From 1977 to 1981, multimedia artist Stephen Seemayer took a Super-8mm movie camera and captured some of the artists and denizens of downtown L.A. in their unnatural habitat. He filmed them at work and at play, discussing art and the experience of living amid the gritty alleys and deserted industrial buildings at the city’s urban core.
A rough cut of the resulting documentary, “Young Turks,” was screened at a 1981 event called the Downtown Drive-In. The film was projected onto the wall of a warehouse that had been converted into artist studios. Then it was put into storage and never seen again.
Newly digitized and fully reedited with additional footage, “Young Turks” has been re-envisioned by Seemayer, along with film editor Pamela Wilson, with an eye to sharing it with a new generation.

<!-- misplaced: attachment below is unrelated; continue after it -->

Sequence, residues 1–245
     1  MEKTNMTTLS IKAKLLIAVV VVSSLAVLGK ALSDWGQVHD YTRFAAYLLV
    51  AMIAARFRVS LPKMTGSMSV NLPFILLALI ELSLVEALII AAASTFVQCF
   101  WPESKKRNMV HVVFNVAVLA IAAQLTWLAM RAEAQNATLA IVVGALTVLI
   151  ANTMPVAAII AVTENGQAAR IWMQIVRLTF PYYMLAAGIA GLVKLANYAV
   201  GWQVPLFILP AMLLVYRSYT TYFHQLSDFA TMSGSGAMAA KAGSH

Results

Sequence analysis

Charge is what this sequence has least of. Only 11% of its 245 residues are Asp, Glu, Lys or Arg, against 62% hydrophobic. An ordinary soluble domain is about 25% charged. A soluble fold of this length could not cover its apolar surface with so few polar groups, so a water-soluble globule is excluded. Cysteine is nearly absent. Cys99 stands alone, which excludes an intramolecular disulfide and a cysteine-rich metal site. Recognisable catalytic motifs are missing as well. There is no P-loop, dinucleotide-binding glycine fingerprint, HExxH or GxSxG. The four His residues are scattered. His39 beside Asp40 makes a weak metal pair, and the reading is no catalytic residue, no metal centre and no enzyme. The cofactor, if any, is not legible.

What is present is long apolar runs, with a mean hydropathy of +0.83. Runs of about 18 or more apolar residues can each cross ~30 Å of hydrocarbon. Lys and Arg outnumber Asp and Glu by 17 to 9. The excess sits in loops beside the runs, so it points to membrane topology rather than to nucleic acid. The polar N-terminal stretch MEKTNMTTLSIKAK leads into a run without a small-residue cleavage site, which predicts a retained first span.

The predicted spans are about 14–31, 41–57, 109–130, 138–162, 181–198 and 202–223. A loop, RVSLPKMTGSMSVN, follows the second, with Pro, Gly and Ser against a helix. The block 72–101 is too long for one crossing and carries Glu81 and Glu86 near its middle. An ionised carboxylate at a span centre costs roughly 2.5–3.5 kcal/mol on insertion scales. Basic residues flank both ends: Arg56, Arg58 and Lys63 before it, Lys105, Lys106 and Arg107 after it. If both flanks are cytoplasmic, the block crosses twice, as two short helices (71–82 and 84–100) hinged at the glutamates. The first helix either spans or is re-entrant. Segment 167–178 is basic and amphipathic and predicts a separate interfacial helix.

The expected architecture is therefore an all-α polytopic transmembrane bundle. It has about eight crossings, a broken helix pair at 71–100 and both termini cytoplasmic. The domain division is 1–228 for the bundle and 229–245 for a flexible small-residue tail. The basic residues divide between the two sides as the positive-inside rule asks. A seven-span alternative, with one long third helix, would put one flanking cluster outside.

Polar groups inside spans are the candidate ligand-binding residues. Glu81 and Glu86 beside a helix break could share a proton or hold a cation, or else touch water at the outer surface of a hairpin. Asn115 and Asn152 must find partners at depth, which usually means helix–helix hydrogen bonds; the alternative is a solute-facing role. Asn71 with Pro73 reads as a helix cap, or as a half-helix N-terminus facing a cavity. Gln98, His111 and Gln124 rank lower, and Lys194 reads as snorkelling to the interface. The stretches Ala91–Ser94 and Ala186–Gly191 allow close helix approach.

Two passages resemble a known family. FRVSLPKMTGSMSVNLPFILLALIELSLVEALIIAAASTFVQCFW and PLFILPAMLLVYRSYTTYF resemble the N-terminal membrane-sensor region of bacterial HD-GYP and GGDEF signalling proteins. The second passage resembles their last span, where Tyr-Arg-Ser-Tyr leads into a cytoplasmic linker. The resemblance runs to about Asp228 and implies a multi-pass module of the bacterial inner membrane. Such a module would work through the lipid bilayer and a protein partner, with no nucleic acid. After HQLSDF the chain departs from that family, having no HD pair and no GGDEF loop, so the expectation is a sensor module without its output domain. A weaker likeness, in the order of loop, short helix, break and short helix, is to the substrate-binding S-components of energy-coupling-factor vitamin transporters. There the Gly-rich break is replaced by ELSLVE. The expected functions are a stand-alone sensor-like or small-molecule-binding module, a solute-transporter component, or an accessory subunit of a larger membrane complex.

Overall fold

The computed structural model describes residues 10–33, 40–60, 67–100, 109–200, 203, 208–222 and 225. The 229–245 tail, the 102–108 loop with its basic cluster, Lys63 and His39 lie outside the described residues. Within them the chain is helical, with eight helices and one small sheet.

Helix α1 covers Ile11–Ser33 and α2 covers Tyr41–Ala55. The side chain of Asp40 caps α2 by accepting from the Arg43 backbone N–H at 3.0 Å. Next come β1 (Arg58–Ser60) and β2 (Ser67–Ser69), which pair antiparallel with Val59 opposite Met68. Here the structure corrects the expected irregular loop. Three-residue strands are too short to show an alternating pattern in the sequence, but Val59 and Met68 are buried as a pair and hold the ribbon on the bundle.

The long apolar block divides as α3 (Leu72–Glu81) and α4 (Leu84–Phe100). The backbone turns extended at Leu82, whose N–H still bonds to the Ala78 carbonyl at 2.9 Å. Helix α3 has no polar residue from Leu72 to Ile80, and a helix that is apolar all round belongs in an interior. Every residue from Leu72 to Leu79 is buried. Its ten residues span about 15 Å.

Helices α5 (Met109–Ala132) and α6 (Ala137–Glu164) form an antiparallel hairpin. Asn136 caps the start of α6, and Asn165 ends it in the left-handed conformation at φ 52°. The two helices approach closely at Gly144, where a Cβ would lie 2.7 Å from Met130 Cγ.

In 1981, rents were cheap and life was edgy in downtown L.A. The artists featured in “Young Turks” discussed their reasons for moving there and how it affected their work.
"Young Turks" is now on a variety of digital platforms, including Amazon Prime, MGo, Xbox, iTunes, PlayStation, Vudu and Google play, which has just made the documentary about artists in downtown Los Angeles available to viewers in the United Kingdom, Australia and other international markets.